We still have one garage cat left. If you remember, Miss Mama moved her kittens into our garage last summer. One kitten survived, she’s known as “Little Softie” or “The Sweets”. She’s a burgundy black cat now, full grown. Hopefully she’ll be able to avoid Miss Mama’s fate, she doesn’t seem to wander as far. She was brought to this garage at about 5 weeks old, so this is home to her.

We buried Miss Mama up in the front garden and I’ll get a start from my mom’s pussy willow that is growing over Jeffrey, our first cat’s grave. I placed a bouquet of wild flowers over her grave, perfectly fitting for our wild (yet tamed) cat.

Today we’re very sad still that Miss Mama is gone, but we really appreciate the joy she brought us. As our first garden cat – she was perfect! We’ll miss her chirpy meows, her padding around the garden behind us, the moles she left by the car and the great personality she had. So long Miss Mama, we’re sad to see you go, but happy you chose to spend a year and a half at Chiot’s Run!

Other posts about Miss Mama
Should I Change the Name?
The Word is Out
Soft Kitty, Warm Kitty, Little Ball of Fur
A Series of Unfortunate Events
In Case You Were Wondering
Not So Feral Anymore
Friday Favorite: the Feline Edition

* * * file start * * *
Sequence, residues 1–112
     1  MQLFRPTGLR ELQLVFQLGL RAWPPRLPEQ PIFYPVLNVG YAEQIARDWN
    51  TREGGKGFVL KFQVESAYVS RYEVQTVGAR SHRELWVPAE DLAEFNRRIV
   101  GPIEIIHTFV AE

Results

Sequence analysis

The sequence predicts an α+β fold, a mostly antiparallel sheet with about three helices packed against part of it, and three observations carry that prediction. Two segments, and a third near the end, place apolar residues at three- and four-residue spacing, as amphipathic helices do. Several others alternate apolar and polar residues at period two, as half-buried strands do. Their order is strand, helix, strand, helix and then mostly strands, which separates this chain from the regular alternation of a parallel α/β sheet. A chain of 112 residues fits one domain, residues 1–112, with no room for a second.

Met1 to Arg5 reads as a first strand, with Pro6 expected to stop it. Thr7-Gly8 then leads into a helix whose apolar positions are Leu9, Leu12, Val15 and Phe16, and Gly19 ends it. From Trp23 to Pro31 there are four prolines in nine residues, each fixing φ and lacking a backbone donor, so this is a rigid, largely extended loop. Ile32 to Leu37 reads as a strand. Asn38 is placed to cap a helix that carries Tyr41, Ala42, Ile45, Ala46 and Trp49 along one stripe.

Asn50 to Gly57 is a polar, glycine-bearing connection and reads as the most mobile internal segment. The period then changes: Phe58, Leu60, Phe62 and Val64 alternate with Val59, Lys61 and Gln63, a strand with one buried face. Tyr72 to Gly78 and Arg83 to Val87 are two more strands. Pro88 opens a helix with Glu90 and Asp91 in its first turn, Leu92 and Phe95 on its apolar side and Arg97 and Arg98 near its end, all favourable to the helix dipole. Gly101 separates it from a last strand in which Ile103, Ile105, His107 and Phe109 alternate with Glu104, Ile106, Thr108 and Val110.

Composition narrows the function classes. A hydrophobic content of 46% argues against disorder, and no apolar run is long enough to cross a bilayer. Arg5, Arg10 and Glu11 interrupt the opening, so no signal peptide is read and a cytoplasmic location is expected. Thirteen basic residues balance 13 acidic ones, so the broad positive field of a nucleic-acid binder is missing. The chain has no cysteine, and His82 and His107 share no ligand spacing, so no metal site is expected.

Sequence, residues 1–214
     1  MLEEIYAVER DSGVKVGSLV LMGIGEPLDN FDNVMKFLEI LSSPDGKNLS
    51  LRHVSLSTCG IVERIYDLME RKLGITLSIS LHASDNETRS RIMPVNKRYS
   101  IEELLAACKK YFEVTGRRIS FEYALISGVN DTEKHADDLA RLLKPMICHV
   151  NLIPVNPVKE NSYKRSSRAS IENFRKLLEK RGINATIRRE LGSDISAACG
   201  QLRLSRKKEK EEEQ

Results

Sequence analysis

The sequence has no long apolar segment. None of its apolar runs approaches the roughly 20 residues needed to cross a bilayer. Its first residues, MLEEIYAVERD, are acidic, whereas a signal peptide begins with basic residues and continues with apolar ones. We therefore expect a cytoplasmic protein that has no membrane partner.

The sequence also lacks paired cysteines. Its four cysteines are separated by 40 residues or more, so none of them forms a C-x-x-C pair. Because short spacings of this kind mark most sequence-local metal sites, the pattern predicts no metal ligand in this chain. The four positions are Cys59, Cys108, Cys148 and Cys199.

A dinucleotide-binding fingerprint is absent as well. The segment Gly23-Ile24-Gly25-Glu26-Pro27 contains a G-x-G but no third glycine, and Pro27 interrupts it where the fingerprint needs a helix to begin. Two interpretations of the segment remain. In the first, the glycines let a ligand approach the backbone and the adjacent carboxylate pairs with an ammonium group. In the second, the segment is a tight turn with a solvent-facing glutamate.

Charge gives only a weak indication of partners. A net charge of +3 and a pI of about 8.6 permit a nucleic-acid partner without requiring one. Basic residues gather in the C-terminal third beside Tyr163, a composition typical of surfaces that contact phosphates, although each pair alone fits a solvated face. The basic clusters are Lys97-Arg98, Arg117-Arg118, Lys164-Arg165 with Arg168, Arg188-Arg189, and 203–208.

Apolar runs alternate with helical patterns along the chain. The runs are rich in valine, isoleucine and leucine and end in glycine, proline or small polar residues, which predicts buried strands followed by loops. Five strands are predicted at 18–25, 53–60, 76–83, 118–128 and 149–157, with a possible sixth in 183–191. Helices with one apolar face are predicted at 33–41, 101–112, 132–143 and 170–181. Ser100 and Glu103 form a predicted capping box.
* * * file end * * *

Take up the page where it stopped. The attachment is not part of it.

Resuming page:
Not Chickens But They’ll Do

Protecting the Fall Crops

October 7th, 2010

Miss Mama is coming in quite handy protecting the fall crops from moles and chipmunks. One year the chipmunks ate all of my fall beets, this year, thanks to Miss Mama I should enjoy a great harvest.

We’ve had a lot of moles or voles in the garden at my mom’s house, hopefully they don’t do too much damage to our crops. Miss Mama seems to be keeping them out of my crops so far, too bad she’s too small to chase away a groundhog.

What’s your biggest pest in your fall garden?

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This is a daily journal of my efforts to cultivate a more simple life, through local eating, gardening and so many other things. We used to live in a small suburban neighborhood Ohio but moved to 153 acres in Liberty, Maine in 2012.